Tragedy: An Excuse for Couplemania? August 13, 2011Posted by Onely in Food for Thought, God-Idiot or Asshole?.
Tags: grieving and coupling, singles and tragedy
First, the background: My sister’s good friend, whom I’ll call Mark, has had an awful year. First he lost his job due to the recession and couldn’t find another one. Then his girlfriend cheated on him and they broke up. Then his older brother, whom Mark idolized, developed a drug problem related to some painkillers he’d been on for an old, ongoing back ailment. Bad times for Mark.
Understandably, he withdrew from my sister and the rest of their circle of friends as he tried to sort out his internal chaos. Knowing that they might well have done the same thing in his circumstances, but still wanting to show support, my sister and their mutual friends left him email, text, and phone messages just to say hi and let him know they cared.
The messages went unreturned, and no one blamed Mark. Then my sister found out that he had reconnected with his cheating girlfriend and they were a couple again. According to the grapevine and Facebook, Mark had enough emotional fortitude to hang out with his formerly-cheating girlfriend, but not to interact with his long-time friends. “I think he just really needs someone right now,” said my sister, aware of the irony of her words yet trying to be sensitive to Mark’s situation. “But. . . her?”
Recently, while under the influence of assorted illegal substances, Mark’s brother crashed his motorcycle into a tree and died. During the aftermath of this terrible tragedy, Mark continues to date his girlfriend and continues to remain withdrawn from his friends.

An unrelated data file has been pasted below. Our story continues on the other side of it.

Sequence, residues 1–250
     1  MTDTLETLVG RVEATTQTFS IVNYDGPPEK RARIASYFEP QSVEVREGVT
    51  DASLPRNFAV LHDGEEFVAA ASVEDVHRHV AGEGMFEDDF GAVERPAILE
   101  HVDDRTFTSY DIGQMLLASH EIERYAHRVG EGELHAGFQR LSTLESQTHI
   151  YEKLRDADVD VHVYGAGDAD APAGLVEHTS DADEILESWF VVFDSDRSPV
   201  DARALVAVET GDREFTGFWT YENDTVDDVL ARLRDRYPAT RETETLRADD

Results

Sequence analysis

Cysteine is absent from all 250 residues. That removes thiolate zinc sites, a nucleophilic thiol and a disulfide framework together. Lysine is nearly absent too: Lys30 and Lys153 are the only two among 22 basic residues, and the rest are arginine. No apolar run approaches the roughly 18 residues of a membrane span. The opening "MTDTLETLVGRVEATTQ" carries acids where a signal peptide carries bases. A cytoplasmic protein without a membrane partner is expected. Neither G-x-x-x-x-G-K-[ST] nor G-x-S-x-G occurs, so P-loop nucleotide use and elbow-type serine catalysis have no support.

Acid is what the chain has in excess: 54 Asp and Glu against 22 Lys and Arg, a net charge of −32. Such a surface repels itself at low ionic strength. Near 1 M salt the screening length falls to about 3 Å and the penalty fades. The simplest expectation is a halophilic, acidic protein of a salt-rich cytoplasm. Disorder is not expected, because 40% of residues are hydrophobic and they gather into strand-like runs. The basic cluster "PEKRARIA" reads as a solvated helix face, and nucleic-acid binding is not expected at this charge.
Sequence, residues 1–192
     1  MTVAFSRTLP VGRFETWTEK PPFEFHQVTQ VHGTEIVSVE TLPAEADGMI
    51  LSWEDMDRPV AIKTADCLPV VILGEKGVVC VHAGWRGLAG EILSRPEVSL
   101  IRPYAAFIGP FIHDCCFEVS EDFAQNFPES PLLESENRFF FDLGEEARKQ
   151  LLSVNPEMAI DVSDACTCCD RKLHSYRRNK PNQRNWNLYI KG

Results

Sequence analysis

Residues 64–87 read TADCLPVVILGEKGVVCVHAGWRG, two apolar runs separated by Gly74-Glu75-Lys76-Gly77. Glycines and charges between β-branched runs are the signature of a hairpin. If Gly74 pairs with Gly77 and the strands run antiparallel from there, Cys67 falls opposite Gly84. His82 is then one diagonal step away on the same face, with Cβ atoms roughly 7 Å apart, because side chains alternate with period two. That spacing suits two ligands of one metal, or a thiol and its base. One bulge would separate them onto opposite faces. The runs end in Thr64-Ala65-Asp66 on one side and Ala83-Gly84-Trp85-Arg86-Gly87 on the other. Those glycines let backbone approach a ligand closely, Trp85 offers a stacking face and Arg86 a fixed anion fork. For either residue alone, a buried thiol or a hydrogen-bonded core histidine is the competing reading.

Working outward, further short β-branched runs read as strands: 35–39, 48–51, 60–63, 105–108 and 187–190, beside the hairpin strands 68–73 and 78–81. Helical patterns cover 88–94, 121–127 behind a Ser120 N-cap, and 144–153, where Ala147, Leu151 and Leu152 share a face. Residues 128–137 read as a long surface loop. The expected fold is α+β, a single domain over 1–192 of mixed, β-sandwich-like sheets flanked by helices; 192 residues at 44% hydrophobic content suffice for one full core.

Copious Readers, in normal circumstances we chastize people who neglect their friends for a significant other (especially a cheating one). But obviously a brother’s addiction and death are not normal circumstances. Trauma can cause and excuse (or at least explain) all sorts of crazy human behavior. So do we suspend all judgment here? Or do we judge Mark’s actions as inappropriate, but excusable? Or do we blame society’s mythologizing of coupling, which may have brainwashed Mark into believing that even an unfaithful girlfriend is a good painkiller? Or is she, perhaps, in fact a good painkiller?
Given that we have little real knowledge of the nuts and bolts of Mark’s situation (including the circumstances of his girlfriend’s cheating–maybe she thought they were “on a break“), how would you advise my sister to interpret Mark’s social choices?
If I were writing this as a novel, I might make Mark’s motivations as follows: He’s struggling with a lot of different feelings and is afraid his internal chaos will negatively color his interactions with the people he cares about–so he avoids them and seeks the company of people he doesn’t care that much about, specifically the cheating girlfriend. However, unfortunately for Mark, this isn’t a novel that can be shaped and tweaked by a good editor. It’s life, where the only editor is God, and he seems like kind of an asshole.
Photo credit: kevingessner